Setting Up Secure Email with S/MIME

This entry was posted by Thursday, 9 April, 2015

Although often overlooked, many standard email clients (not web-based) provide the ability to send S/MIME secure email. S/MIME has been around for quite some time, but you typically only see it used by perhaps government employees or maybe security-minded folks.

What is S/MIME anyway? It stands for Secure/Multipurpose Internet Mail Extensions.

Using client certificates, similar in concept to server certificates, a user sending an email can do two major things:

1) Digitally Sign an email – this marks the email as having come from the actual sender and will show the receiver if the mail has been altered after the sender signed and sent the email. Nifty!

2) Encrypt an email – once two users both have S/MIME configured and have exchanged messages (thus exchanging public keys), they can exchange encrypted messages back and forth. Note that this is different in concept than TLS level transport encryption between SMTP servers. Transport level encryption ensures that while in transit the message is not sent in the clear. S/MIME level message encryption ensures that the only one who can read the message is the intended recipient – who of course has the private key.

What’s really nice is that a user on an email system or client that doesn’t support S/MIME will still be able to read the signed (but not encrypted) messages. They simply see a smime.p7s file attachment with the message.

A number of Certificate Authorities provide third party S/MIME certificates – Comodo even offers a free one for personal use, good for one year. When you do have to pay for a certificate it’s typically very affordable at $20 a year or less per email address you want to secure. If you’re just using this internally for messages in your organization’s Exchange email system you could even just use your own PKI and configure auto-enrollment with AD storage of the certificates for your users.

Because of the relatively low cost some providers such as DigiCert only offer this type of certificates to businesses using their managed PKI (MPKI) product. Perhaps their rational is that the low cost and high support costs of these certificates doesn’t provide a good enough profit.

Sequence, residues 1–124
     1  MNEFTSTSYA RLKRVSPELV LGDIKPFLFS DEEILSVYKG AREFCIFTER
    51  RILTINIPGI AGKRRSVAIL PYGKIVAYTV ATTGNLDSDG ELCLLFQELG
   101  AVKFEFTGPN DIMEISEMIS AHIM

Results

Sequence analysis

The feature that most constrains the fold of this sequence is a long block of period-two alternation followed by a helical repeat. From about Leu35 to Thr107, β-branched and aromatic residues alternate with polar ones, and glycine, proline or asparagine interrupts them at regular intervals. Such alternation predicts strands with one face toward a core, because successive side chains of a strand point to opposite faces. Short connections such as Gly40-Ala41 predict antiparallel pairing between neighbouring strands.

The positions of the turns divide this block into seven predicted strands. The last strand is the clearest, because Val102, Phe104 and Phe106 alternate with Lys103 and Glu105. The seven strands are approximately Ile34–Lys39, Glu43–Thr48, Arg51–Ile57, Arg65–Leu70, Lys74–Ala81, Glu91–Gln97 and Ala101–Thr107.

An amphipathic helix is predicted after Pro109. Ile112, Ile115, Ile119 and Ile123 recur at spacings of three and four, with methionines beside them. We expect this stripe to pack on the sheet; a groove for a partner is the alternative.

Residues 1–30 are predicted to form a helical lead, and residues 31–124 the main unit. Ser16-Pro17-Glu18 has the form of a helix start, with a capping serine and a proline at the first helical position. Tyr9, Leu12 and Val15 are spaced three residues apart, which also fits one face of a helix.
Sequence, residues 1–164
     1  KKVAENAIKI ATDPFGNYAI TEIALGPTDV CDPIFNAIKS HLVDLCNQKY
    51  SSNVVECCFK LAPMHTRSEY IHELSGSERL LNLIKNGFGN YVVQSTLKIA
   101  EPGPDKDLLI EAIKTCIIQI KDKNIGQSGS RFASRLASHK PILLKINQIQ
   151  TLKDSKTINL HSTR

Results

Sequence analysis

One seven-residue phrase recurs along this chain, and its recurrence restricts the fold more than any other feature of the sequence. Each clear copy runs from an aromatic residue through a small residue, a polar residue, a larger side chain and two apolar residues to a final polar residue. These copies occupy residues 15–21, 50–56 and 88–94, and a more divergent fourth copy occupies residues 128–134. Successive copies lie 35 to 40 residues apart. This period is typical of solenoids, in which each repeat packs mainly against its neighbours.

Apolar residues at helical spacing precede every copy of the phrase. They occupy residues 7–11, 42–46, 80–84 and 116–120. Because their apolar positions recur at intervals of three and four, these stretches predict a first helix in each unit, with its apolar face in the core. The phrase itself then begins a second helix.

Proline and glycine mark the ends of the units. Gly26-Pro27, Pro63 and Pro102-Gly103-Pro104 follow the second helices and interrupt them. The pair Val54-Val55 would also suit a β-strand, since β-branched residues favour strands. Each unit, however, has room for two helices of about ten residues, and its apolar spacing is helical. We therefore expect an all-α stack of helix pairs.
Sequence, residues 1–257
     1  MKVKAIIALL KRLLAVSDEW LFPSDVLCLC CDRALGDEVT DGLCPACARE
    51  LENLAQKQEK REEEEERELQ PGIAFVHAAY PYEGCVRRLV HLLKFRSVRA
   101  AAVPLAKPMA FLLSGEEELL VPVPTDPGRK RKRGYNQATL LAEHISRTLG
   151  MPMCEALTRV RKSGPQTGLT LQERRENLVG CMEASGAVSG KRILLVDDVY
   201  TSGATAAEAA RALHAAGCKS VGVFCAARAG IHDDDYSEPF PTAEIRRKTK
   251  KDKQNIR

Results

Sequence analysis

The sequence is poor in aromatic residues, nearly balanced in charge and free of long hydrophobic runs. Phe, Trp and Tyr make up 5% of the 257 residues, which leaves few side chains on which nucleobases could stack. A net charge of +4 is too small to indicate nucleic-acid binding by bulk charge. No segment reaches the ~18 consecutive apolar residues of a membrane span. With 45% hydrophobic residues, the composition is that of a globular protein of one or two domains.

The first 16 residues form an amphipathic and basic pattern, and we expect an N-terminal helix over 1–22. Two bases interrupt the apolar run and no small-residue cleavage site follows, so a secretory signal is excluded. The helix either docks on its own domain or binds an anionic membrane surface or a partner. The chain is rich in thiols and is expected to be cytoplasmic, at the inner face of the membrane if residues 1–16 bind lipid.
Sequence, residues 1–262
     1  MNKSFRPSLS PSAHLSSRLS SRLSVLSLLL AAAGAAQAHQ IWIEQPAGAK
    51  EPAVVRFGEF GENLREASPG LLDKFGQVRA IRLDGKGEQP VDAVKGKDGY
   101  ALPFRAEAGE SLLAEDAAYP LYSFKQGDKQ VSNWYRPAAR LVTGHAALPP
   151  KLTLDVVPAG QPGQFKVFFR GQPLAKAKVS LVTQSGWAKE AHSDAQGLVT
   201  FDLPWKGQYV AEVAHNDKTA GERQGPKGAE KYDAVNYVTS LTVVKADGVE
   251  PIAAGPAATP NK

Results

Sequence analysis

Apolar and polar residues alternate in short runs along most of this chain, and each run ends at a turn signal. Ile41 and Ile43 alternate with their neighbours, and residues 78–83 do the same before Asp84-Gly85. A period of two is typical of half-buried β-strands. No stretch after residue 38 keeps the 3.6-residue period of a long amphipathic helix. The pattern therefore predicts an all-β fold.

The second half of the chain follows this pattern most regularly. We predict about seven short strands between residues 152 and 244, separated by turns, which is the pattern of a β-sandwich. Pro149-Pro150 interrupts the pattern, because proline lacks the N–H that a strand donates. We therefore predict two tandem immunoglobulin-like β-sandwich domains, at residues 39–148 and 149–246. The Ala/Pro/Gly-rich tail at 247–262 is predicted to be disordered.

So why hasn’t S/MIME really caught on? DigiCert may be on to something. A certificate must be created. Every email client a user has must then be configured to use the certificate with S/MIME. This means exporting the private key to every device and then installing it. Given that most people have a desktop or laptop (or perhaps both), a phone, maybe a tablet, this can quickly turn into quite the configuration effort. You also need a secure location to store the private key – once you start sending encrypted messages, you will need to hang on to the private key for AS LONG as you have messages that were encrypted with that private key. Get a new laptop? Now we have to install the private key there so you can get your mail. Certificate expire? No problem, just get a new one, but remember you have to keep the old one installed indefinitely (or at least until you don’t need the messages that used the old certificate anymore).

So certainly there is some overhead and steps involved with using S/MIME. For those that are comfortable with that and have a plan or process in place to manage the use of S/MIME, the benefits can certainly be welcome. Imagine being able to tell if that message from your bank really did come from them. Need to send an important tax document to your accountant? If you’re both on S/MIME it’s a matter of checking the “Encrypted Message” box.

It’s great to see some vendors start coming on board. Outlook 2010 & Outlook 2013 support S/MIME, as does Office 365. Microsoft Exchange 2013 supports S/MIME on Outlook but not on the iOS Outlook app. Apple iOS and OS X both support S/MIME. For Android devices at the moment you’ll have to use a third party mail application. Of course it should also be noted that any web-based email client (such as gmail, hotmail, etc.) does not support S/MIME through their web pages. It is possible however to use a POP3 or IMAP client to send S/MIME email through these services, and for at least gmail there are a couple of Chrome add-ons that will allow S/MIME support.

Have you implemented S/MIME in your organization or for personal use? What issues have you experienced with deploying or maintaining the setup.

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